“ He was no tongue-hero, no fine virfalsehood and politic bigotry. The critic who would educe a moral from his He did not speak from his lungs, but writings and conduct, must not begin from his soul." And, sooner than betray with substituting horror for analysis. one honest conviction of his intellect, The most favorable view can be taken sooner than award “mouth-honor” to of his character, without compromising what he hated as cruelty and oppression, a single principle of morality and reli- he was willing to have his genius degion. While this is the case, we see no rided and his name defamed. reason why, in the cause of morality and We have said that Shelley was poeti. religion, we should echo stale invectives cal in what he lived as well as in what at conscientious error, and join the hoarse he wrote. Those realities wbich his roar of calumny and falsehood over bis soul did grasp, it held with invincible tomb.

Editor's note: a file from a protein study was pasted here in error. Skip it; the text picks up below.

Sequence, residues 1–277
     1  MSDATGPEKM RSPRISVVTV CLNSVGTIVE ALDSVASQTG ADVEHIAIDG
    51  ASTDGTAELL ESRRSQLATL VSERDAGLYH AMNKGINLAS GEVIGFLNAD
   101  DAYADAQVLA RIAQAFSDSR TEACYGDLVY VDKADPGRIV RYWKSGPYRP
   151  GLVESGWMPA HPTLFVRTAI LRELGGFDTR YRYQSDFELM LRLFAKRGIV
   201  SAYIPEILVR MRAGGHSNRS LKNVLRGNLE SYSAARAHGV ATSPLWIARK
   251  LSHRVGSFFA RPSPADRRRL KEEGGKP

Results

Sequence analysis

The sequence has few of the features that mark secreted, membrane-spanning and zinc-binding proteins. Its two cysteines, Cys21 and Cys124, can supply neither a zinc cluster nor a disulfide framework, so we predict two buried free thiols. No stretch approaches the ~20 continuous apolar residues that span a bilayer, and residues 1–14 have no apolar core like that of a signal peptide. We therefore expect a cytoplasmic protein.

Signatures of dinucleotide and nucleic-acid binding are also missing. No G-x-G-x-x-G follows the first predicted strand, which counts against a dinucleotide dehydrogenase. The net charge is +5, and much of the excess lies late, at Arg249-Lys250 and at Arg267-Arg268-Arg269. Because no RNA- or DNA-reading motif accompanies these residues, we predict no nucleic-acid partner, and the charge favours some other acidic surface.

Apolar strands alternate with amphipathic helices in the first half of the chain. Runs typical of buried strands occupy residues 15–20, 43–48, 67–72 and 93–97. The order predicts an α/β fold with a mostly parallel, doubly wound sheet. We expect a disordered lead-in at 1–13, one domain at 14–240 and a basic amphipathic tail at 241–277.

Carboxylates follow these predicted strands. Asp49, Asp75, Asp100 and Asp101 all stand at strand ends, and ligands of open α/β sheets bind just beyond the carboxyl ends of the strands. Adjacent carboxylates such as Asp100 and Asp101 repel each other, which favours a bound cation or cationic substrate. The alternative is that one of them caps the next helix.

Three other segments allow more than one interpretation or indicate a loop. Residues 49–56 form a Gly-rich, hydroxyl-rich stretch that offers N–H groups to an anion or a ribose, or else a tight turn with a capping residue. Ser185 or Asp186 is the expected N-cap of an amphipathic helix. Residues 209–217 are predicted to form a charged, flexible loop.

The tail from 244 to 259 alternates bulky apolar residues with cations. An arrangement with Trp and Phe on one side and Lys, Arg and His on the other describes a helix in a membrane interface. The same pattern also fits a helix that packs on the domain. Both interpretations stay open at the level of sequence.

courage. Hymns to “Intellectual Beauty” In these remarks we do not intend to came from his actions as well as his pen. deny that Shelley had faults. The mag. He was endowed by nature with an innitude of his genius and virtues should tellect of great depth and exquisite finenot cover these from view. But we be- ness; an imagination marvellously giftlieve that for every act of his life, which ed with the power to give shape and hue his conscience did not in its most refined to the most shadowy abstractions, which perceptions of duty approve, he expe- his soaring mind clutched on the vanishrienced an intensity of remorse which ing points of human intelligence; a fancy few are conscientious enough to appre- quick to discern the most remote analociate. His education, and the unfortu- gies, brilliant, excursive, aerial, affluent nate influences to which he was subject. in graceful and delicate images, and a ed, account for the defects in his view of sensibility acutely alive to the most fleetlife, and the heretical opinions which ing shades of joy and pain, warm, full mastered his understanding. His position and unselfish in its love, deep-toned and was such that he was impelled, by what mighty in its indignation.